Doe v. McNiff
Responding to citizen complaints about men soliciting sex in the Boston Public Library bathroom, Boston police in early 1978 stepped up their surveillance. They began aggressively targeting gay patrons, assigning plainclothes police officers to the detail to entice men to break the law.
In other words: entrapment.
In two weeks that March, police arrested 103 men on charges ranging from indecent exposure to “open and gross lewdness” — a felony. But, despite police accounts, it wasn’t clear that any of the men arrested had actually broken the law. Ultimately, only one of the 103 defendants was found guilty, and even that conviction was later overturned.
Outraged by this and other anti-gay measures at home and throughout the country, Boston’s gay community came out, came together, and organized with new strength and purpose. And in the midst of this, a young attorney named John Ward saw a new possibility for justice.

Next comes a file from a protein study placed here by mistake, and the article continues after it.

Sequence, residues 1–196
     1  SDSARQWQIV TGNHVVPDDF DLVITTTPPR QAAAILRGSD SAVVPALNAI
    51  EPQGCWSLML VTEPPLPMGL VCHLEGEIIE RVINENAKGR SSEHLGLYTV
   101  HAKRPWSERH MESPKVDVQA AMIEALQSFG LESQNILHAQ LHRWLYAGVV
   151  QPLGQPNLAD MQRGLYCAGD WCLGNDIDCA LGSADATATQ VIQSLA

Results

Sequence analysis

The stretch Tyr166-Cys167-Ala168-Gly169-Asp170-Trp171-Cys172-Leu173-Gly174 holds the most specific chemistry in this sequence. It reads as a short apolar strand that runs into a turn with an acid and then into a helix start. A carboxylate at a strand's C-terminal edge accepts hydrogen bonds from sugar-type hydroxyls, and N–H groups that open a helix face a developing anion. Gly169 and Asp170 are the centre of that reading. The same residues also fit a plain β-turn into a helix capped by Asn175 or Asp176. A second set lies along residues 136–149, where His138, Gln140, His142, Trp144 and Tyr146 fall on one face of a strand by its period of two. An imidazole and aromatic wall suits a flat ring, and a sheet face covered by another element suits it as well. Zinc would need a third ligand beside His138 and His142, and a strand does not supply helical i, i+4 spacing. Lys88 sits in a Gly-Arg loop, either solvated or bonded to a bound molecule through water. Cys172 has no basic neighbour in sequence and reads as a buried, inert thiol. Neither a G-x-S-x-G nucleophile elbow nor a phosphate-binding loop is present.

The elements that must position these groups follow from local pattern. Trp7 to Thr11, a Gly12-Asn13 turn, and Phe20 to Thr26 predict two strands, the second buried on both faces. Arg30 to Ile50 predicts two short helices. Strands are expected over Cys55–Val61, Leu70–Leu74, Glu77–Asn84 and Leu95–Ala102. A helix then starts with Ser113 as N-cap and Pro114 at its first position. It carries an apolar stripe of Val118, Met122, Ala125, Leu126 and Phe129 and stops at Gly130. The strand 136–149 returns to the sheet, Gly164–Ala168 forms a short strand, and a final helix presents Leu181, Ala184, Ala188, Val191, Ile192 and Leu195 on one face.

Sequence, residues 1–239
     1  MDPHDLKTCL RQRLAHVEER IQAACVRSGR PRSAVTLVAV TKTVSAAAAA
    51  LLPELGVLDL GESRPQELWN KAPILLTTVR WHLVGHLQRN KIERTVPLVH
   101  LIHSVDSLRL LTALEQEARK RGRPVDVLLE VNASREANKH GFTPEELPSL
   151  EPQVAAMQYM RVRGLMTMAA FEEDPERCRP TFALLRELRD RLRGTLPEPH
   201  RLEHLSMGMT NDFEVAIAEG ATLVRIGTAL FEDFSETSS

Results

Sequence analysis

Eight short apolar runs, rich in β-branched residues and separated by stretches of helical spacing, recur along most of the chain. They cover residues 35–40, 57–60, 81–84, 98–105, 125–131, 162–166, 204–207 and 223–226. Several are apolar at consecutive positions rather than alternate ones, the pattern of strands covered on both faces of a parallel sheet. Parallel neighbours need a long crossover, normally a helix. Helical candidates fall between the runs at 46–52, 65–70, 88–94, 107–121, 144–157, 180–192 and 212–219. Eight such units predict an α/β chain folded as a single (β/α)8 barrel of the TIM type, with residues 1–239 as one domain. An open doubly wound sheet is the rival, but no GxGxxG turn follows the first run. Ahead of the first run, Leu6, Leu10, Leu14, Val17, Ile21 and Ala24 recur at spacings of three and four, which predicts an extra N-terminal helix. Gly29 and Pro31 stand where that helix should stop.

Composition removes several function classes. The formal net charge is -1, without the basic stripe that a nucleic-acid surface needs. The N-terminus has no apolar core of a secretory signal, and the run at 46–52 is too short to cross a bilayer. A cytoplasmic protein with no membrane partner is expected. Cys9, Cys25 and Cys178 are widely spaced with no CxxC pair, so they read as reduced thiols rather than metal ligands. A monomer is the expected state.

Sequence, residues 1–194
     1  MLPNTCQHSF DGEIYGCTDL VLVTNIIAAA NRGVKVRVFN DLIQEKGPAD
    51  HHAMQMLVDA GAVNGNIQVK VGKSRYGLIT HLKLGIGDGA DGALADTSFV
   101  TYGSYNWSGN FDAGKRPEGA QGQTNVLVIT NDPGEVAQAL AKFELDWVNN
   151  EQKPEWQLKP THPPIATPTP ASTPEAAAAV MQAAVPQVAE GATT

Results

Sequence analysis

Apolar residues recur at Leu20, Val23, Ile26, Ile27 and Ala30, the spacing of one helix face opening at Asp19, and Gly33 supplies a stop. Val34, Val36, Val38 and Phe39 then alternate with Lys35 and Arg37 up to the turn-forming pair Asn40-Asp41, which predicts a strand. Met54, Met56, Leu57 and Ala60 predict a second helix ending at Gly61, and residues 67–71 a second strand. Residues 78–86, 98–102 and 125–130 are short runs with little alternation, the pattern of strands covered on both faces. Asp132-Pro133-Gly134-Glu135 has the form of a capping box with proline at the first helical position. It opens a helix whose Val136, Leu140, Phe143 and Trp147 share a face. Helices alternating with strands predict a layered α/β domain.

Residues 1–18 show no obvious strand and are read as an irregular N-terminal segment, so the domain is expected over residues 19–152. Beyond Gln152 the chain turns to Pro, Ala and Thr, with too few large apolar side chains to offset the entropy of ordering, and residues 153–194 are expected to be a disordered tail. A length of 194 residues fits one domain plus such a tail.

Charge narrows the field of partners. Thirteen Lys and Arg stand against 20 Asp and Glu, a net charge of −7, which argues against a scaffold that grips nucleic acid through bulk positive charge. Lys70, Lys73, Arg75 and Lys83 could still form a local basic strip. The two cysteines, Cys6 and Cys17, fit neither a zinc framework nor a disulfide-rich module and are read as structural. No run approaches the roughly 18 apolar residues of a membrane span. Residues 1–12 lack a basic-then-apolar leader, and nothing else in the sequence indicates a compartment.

Ward founded GLAD—Gay & Lesbian Advocates & Defenders—in 1978. He filed GLAD’s first case, Doe v. McNiff, one year later, charging Boston PublicLibrary and police officials with violating the civil rights of a man arrested at the library, but later found not guilty. The case took nearly a decade to resolve, and finally ended in settlement.
John Gerasi’s The Boys of Boise, from which gay rights group The Boston/Boise Committee took its name
Special thanks to The History Project for use of archival material